What is Horse Racing?
Horse racing is a sport that involves betting on the outcome of a contest between horses. The game has been popular for thousands of years and is considered one of the oldest sports in history. It has evolved from a primitive contest of speed or stamina between two horses into a modern spectacle with sophisticated electronic monitoring equipment, enormous fields of runners and huge purses. However, despite the enormous sums of money involved, the basic concept remains unchanged. The horse that crosses the finish line first wins the race.
The most famous horse races in the world are held in Europe, Australia, South America and the United States. In the United States, horse racing is a multibillion-dollar industry that generates more wagering dollars than any other sport. In addition to the huge purses for the winning horses, many jockeys, owners and trainers receive substantial earnings from the wagers placed on their mounts. Some of the largest horse races in the world are the Kentucky Derby, Preakness Stakes and the Dubai World Cup.
While most Americans have no problem with the idea of horse racing as a sport, for others, it is not only unethical but also downright cruel to the animals that are forced to run for their livelihoods. According to Patrick Battuello, a horse racing activist and the founder of the animal rights group Horseracing Wrongs, ten thousand American thoroughbreds are slaughtered each year. Even those who are not slaughtered often have a difficult life in confinement, with a large number of them spending their lives in solitary stalls.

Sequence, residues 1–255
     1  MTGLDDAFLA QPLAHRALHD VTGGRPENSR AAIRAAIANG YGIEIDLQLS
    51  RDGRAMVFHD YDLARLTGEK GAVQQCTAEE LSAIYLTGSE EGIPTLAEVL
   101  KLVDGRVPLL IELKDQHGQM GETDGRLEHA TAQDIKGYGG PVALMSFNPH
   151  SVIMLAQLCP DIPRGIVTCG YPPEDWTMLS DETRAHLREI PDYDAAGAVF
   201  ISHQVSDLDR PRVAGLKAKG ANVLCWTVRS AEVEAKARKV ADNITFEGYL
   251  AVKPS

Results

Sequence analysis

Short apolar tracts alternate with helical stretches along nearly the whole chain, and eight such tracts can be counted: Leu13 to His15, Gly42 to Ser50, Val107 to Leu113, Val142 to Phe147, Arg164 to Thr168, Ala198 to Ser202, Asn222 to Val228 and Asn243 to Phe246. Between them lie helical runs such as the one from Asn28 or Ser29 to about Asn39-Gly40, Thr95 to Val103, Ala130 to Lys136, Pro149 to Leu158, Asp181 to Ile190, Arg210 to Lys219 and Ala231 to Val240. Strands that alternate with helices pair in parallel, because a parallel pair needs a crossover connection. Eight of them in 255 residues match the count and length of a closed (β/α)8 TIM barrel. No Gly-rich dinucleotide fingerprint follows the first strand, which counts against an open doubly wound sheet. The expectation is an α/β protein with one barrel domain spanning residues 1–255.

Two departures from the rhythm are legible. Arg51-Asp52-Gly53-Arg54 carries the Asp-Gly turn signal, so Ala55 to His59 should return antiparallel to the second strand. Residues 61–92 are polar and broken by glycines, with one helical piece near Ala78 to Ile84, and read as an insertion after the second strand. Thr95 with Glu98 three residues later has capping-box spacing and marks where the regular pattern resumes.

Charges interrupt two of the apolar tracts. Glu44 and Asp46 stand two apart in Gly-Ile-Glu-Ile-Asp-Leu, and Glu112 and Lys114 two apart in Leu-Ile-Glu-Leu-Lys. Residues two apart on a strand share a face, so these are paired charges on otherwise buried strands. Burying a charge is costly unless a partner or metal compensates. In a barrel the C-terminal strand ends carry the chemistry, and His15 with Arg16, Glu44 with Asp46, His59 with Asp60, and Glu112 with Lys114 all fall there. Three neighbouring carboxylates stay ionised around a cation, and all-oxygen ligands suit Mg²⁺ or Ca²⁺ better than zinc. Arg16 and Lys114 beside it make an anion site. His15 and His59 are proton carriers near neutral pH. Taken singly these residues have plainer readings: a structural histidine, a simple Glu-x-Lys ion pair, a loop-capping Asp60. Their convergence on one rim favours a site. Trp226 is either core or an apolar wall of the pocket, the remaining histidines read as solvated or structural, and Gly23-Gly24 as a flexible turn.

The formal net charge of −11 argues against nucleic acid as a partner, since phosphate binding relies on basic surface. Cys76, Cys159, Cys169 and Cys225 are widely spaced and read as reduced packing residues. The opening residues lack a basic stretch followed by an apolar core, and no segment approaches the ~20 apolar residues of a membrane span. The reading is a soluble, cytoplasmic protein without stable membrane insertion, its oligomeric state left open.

Battuello believes that the exploitation of horses in racing is caused by the fact that it is considered to be a “sport” and not simply an entertainment form of gambling. This is in part because of the large amounts of money that are placed on the races and because of the comparatively high stakes for jockeys, owners and trainers. In addition, he claims that racetrack officials and television networks give the appearance that the sport is well-regulated.
In reality, Battuello asserts that racetrack officials rely on a variety of drugs to ensure the safety and competitiveness of their “equine athletes.” Among these are steroid and diuretic medications, such as Lasix, which is noted on the racing form with a boldface L. Lasix is injected into the lungs of the horses to prevent pulmonary bleeding that occurs during hard running, a condition that can be dangerous for the animals. The drug has a secondary effect, causing horses to dump epic amounts of urine during the race–up to thirty pounds worth.
Horses’ performance is influenced by the amount of weight they have to carry, as well as other factors such as their age, gender and training. Those that are most favored are those that compete in “conditions” races, which typically offer the highest purses. In these races, a horse is assigned a specific amount of weight to be carried for fairness, and allowances are made for younger horses or those that are female when they compete against males.